Rick Rescorla, a 9/11 hero

Rick Rescorla was a great man who, along with his still unnamed assistants, died a heroic death on 9/11.

As the Democrats work to downplay 9/11, it’s up to us to remember that day and the people who made a difference.

Rick Rescorla was born in post-War, Labourite England, yet he somehow managed to be fiercely anti-communist. He didn’t just talk the talk, he walked the walk. At sixteen, he joined the British military and fought against communists in both Cyprus and Rhodesia.

When the battle between the free world and the communists moved to Vietnam, he moved too, relocating to America, and joining the U.S. Army. He fought ferociously in Vietnam, making a name for himself as a warrior’s warrior. (That’s Rescorla on the cover of the much-lauded We Were Soldiers Once…And Young: Ia Drang The Battle That Changed the War in Vietnam)

After returning to America from Vietnam, Rick completed his education, taught, and eventually moved into the corporate world, ending up as Morgan Stanley Dean Witter’s VP of security. His new address — World Trade Center, south tower, 44th floor.

Rescorla was working in the World Trade Center in 1993 when a truck bomb exploded in the basement. This bombing was one of those “small” terrorist attacks I mentioned above, akin to San Bernardino or the Pulse nightclub in Florida. Most everyone saw it as a criminal matter and moved on. Not so Rick Rescorla. Warrior to the bone, he understood that this was the first small shot in a big battle.

What Rescorla also understood, unlike just about anyone else in America, was that the Twin Towers were irresistible targets for terrorists, meaning that the tenants were sitting ducks. Rick couldn’t change the towers’ attraction to terrorists, but he could change the tenants’ vulnerabilities—at least the tenants over whom he had control.

Under Rick’s leadership, Morgan Stanley Dean Witter conducted regular evacuation drills. Every employee knew how to get out of the building. You can easily imagine employees over the years trying to avoid the drills (“Hey, I’ve got a lot of work to do here”) and jokingly complaining as they were forced to comply (“One little bomb blows up a few years ago, and I’m having more fire drills than my kid in elementary school.”). The jokes stopped first thing in the morning on 9/11.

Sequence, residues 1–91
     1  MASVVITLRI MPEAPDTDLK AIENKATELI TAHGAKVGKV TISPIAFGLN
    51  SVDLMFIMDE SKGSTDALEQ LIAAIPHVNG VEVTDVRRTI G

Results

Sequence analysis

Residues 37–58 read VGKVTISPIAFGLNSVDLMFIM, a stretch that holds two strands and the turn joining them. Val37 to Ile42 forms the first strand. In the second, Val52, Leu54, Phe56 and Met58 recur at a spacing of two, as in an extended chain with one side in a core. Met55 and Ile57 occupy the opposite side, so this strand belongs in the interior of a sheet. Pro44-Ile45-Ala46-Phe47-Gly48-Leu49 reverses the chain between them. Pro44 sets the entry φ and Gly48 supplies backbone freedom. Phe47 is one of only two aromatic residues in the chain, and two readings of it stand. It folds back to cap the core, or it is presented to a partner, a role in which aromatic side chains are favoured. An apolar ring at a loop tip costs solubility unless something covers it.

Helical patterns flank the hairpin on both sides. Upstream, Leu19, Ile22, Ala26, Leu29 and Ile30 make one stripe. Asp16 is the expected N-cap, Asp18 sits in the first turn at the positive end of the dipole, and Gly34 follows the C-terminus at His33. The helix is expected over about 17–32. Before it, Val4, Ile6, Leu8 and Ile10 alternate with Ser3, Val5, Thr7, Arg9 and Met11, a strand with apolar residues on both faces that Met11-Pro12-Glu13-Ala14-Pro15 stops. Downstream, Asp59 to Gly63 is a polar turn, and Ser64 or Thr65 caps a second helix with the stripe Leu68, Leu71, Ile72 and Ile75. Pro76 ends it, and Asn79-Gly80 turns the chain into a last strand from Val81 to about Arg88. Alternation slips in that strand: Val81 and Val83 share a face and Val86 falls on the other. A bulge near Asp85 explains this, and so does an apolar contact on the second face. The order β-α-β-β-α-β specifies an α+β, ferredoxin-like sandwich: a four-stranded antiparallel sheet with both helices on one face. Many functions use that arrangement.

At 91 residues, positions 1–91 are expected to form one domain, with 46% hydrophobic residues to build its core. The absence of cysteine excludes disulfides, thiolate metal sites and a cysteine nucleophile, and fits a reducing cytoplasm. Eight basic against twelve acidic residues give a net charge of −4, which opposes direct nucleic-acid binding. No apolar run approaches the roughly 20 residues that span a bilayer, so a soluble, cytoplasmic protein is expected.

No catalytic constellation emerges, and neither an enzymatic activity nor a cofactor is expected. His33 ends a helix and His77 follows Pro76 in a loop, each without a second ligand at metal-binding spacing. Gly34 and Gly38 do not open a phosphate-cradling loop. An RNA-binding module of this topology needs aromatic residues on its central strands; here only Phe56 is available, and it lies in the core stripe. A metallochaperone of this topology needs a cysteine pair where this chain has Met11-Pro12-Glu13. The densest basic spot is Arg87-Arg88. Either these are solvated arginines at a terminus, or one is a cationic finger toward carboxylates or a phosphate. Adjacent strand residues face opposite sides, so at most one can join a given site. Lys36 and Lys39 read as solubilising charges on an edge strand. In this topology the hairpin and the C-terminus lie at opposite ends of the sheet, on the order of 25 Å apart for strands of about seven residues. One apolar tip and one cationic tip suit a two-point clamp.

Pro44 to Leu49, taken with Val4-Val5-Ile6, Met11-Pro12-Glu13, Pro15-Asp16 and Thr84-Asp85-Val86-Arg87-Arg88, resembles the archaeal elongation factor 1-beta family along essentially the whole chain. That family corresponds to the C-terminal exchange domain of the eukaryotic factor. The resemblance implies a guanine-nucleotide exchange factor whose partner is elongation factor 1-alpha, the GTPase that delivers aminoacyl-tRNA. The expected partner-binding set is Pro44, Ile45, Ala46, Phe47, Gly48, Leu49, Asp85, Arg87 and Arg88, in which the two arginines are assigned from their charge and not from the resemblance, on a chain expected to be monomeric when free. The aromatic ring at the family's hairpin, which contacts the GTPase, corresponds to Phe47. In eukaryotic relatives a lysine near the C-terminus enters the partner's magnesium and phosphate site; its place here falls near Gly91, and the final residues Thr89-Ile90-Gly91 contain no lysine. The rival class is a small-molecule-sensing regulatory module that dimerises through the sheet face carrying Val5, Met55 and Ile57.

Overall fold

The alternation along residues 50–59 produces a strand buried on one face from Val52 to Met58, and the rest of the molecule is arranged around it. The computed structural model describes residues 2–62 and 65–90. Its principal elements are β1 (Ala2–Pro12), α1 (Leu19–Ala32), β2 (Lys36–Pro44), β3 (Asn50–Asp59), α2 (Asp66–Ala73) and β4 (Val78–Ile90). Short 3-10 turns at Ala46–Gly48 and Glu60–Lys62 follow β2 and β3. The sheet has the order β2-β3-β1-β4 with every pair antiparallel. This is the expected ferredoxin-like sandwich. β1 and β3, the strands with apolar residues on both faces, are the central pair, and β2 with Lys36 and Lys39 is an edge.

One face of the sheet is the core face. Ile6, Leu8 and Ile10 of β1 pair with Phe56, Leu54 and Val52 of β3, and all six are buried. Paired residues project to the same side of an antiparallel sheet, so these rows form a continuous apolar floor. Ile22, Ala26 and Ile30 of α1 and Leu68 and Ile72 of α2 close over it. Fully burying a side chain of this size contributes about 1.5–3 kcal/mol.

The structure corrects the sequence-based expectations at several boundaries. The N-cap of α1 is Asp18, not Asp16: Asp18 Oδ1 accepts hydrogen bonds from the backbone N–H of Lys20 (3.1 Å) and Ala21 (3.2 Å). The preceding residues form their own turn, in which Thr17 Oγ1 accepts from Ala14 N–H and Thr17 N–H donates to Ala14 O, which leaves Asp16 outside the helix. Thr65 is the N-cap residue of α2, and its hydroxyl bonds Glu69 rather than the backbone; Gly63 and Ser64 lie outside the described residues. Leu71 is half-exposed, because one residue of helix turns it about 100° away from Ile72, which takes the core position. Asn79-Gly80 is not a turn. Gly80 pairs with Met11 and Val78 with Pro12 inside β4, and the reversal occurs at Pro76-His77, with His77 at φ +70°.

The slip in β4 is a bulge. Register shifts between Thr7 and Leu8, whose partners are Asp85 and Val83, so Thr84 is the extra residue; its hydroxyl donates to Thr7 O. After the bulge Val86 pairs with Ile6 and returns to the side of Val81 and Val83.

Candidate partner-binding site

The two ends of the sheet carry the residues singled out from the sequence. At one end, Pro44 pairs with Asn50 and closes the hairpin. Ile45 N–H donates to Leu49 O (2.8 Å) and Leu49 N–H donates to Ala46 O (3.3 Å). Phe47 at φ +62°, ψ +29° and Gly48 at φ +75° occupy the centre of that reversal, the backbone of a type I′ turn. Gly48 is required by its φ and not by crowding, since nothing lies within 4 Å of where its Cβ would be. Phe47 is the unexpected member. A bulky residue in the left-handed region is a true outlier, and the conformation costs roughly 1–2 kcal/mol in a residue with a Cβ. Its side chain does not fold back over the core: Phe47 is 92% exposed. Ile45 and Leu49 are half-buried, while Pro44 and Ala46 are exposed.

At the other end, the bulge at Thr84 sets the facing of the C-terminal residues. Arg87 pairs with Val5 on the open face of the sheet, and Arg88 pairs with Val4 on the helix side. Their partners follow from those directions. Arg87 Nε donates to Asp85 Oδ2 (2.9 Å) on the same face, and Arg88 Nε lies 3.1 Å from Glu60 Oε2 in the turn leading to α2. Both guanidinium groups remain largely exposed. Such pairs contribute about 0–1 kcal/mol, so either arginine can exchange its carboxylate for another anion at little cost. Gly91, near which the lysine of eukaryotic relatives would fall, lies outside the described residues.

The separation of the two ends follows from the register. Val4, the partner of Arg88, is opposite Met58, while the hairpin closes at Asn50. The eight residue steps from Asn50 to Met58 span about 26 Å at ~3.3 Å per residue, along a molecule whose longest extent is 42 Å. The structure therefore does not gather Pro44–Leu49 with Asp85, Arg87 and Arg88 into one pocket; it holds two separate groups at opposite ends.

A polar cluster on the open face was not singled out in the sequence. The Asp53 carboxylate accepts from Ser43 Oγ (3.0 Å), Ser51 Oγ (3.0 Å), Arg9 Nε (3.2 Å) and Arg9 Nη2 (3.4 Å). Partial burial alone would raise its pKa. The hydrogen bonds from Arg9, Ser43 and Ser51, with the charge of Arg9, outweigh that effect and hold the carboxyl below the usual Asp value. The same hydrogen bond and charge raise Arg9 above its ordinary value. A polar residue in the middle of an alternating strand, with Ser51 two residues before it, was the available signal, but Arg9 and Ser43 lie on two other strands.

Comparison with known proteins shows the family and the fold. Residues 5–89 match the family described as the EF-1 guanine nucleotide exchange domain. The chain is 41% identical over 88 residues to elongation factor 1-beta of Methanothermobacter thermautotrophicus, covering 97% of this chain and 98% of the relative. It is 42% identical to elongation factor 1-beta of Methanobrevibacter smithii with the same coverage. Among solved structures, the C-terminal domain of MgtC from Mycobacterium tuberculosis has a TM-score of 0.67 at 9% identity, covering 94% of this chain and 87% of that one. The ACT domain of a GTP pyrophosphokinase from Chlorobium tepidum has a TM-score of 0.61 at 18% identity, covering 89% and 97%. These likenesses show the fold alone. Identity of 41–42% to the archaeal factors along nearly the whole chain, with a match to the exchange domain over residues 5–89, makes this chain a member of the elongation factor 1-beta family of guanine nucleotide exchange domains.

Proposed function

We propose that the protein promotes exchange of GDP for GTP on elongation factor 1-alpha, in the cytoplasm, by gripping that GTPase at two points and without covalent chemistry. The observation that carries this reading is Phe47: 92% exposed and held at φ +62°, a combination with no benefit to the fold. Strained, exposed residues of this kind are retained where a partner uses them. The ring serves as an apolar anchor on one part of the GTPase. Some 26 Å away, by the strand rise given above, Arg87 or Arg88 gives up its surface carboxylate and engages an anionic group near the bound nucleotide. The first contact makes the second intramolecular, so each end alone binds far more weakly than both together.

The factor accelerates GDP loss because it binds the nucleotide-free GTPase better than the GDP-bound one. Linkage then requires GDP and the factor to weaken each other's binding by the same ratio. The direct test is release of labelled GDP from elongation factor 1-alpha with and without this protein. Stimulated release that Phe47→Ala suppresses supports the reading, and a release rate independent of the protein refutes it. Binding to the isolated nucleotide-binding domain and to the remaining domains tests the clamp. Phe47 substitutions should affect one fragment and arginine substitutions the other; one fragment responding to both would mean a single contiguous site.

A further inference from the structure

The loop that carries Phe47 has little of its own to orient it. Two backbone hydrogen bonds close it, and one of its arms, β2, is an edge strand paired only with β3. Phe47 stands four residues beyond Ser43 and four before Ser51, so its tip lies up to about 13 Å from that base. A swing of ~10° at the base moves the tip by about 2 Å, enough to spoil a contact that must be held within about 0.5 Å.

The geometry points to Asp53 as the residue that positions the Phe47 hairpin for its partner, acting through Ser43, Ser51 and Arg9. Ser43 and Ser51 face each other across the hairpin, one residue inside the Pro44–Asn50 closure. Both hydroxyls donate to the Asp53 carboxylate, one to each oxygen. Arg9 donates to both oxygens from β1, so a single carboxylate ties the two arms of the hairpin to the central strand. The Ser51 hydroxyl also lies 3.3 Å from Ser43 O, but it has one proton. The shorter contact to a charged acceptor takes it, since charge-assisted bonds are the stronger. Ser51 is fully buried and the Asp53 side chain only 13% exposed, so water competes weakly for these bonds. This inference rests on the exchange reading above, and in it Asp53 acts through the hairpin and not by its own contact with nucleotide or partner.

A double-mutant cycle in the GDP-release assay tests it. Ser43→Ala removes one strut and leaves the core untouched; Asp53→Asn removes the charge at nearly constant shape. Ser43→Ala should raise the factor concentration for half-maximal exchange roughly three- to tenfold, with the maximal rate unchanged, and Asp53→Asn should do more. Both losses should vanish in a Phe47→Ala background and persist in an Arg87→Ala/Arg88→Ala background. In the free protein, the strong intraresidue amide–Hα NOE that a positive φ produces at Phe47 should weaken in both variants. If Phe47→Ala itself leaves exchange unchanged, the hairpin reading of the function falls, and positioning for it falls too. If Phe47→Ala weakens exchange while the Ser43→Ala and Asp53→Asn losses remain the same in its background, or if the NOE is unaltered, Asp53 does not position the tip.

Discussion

When the planes hit the Towers, Rick instantly knew what had happened. He didn’t know the details, but he understood the core issue—the World Trade Center had once again become a terrorist target. He and his team swung into gear. Singing “Men of Cornwall” (his version of “Men of Harlech“) at the top of his lungs, Rick and his team rescued approximately 2,700 Morgan Stanley Dean Witter employees. Only three employees were unable to follow Rick and his team to safety.

Sadly, it wasn’t just those three employees who died. Never leaving their posts, Rick and two of his security team went back into the South Tower one last time, to make sure they’d done their jobs. They had indeed done their jobs—but they didn’t make it out again. The Tower collapsed, taking them with it.*

Rick may have died, but his memory and what it stands for live on. He is America’s fighting spirit. He is proof that you don’t have to be born on American soil to have American virtues. He is what real American diversity looks like. It is enough to love freedom and to be willing to fight for that freedom. He is American initiative, ignoring bureaucratic paralysis, and acting in the face of danger. He is American sangfroid, singing his flock to salvation. He was a warrior and a hero. He is us.


*I’ve never learned the names of the two security team members who never left Rescorla’s side and who died with him. They were as brave as he and deserve the same accolades.